I have about 5 TB HDDs and a 256 GB SSD, with some partitions and it's hard to keep track of all files, so something like that will come in handy.

UPDATE: Just checked out Directory Report. That's almost exactly how I needed it, but it's not complete freeware.

This is almost exactly how I wanted it:



This same kind of UI and the same thing I want is with dirlister as well.

But I want it to look exactly like this in this software.
If I save it in any of the formats, XML/HTML/TEXT, etc, it doesn't look like an explorer window (which im too used to).
Is there a way in which it can be saved and reopened by this same program and have the same GUI as from the image?
 

Ralston18

Splendid
Moderator
I am not sure about this:

"All I want to do, is index the drive and then be able to browse THAT INDEX as if it was all still there, the file names show, their sizes show but none of the data is actually there."

So you are just creating a list/index of folders and files, copying the list somewhere, deleting the actual files, but still need to search the list/index using a browser - correct?

You may be able to duplicate the desired look via Powershell's Get-Childitem and Convert to HTML.

Similar to what is being shown in the following links:

https://4sysops.com/archives/building-html-reports-in-powershell-with-convertto-html/

https://www.reddit.com/r/PowerShell/comments/5mf2y0/csv_to_html_report/

Overall, unless some exactly ideal application is found, you may have to consider the trade-offs you are willing to make.

Learning Powershell some as time and circumstances warrant. Have not tinkered with HTML outputs. Going to put that on my "list".





 
Open command prompt (you might do that with elevated privileges), execute "dir C:\ /a /s >c:\filelist.txt". You will get a text file with every file on your C: drive, with its size, and last modified date. If you need to see where a file is residing - open the file on NotePad, Ctr-F the file name, scroll a page or two to see which folder it resides for. YOu can also have a file with fill pathname on every file listed.
 

Achint2000

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@Alabalcho, I already described that I don't want it in a txt format, I want to be able to browse it as if it was a real directory without actual files. I won't ask here if I wanted that. :)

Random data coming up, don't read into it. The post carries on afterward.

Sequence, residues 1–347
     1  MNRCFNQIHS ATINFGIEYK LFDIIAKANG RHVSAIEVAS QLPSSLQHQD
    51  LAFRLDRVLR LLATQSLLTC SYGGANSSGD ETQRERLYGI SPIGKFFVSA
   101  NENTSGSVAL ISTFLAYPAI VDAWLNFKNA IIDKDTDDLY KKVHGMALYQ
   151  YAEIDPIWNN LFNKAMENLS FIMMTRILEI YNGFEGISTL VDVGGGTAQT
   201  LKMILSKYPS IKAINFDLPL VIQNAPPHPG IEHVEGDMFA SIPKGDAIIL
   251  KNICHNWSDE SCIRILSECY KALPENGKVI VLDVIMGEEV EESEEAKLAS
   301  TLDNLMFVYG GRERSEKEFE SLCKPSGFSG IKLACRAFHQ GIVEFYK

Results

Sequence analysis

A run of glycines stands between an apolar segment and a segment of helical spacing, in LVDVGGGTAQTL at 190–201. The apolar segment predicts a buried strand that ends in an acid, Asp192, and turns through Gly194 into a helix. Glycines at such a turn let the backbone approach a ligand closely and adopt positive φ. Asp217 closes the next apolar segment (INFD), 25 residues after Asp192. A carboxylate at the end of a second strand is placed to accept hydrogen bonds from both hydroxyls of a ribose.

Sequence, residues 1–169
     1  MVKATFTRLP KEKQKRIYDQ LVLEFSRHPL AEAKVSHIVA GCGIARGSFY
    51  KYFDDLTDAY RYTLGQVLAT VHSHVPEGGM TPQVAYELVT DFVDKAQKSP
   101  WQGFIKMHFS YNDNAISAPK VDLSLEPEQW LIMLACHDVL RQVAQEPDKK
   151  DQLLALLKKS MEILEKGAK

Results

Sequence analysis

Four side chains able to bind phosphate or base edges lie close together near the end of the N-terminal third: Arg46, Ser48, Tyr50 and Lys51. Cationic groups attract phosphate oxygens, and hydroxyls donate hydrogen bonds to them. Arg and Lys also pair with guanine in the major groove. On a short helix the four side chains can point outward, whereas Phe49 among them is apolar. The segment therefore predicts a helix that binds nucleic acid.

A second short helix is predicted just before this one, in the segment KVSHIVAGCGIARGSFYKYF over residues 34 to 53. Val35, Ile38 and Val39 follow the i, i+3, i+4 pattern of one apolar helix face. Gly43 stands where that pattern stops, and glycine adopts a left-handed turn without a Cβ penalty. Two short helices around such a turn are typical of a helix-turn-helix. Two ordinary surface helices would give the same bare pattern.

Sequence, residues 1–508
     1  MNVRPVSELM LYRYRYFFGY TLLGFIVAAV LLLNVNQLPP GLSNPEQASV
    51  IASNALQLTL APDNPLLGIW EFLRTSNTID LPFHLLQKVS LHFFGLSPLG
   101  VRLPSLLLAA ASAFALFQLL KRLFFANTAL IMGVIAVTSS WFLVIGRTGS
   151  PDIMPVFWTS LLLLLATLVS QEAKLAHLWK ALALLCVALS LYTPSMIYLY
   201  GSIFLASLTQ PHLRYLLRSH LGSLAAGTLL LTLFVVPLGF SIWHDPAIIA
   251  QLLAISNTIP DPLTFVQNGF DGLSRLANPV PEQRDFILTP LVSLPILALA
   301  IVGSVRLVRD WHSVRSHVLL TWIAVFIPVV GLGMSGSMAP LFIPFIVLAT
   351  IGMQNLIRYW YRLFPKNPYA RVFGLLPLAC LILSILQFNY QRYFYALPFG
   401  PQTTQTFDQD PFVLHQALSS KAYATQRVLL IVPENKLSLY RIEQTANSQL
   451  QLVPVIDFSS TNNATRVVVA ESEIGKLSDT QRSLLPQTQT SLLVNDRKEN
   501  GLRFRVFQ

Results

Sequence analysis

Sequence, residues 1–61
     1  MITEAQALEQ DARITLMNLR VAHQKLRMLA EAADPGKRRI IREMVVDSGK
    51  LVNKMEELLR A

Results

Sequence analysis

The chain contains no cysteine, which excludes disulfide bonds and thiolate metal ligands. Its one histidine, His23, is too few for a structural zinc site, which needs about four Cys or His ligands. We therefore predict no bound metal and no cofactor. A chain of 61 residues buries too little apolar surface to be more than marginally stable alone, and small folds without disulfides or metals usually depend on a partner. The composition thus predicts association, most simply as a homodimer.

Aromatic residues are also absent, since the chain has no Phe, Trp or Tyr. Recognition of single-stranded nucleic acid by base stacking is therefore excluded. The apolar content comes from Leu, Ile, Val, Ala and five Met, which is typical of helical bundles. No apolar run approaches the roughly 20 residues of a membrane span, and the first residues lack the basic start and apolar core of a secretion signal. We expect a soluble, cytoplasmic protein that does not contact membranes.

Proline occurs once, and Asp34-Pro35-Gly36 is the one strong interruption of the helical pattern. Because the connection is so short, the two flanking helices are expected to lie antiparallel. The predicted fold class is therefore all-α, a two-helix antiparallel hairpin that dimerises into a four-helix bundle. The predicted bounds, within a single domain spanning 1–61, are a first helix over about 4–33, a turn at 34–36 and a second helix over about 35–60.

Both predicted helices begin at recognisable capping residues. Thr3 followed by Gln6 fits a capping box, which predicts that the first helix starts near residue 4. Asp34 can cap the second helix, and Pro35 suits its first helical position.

Ralston18

Splendid
Moderator
Wondering about the "browse" requirement per se. What is driving that - just personal preference?

Thought about the need for the "ghost directory" and how it might be used. Maybe just to see what file was there sometime in the past and maybe no longer really there in a live folder.

No issues with that but the simpler the solution (e.g. Alabalcho's suggestion) the better.

The more hoops you jump through or have to workaround just means that some future change may undo the entire ghost directory. Or the freeware becomes pay or just simply dropped and no longer supported. Both happen on a regular basis.

As for browsing per se that is okay. However, I would suggest that a searchable database based on "files.txt" and some front end database engine would be far more useful.

Just thinking out loud here - no criticisms intended or implied.





 

Achint2000

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Personal preference, yes. And also, that when I reinstall Win10 and if I ever need to know where exactly some specific files were, it'll be much easier than searching a text file or an HTML file than having it to look like an actual directory. I've had a big share of Windows issues :\

I couldn't find a program that could do this anywhere else.

Couldn't it be any text/HTML file which opens in the software itself and still looks like the way I want? All I need is the GUI like windows explorer...
If there's still nothing, I'll just work off with what I have.

UPDATE: Nevermind. I created small indexes with every software and just got annoyed and formatted the drive. xD
Thanks for all the help :)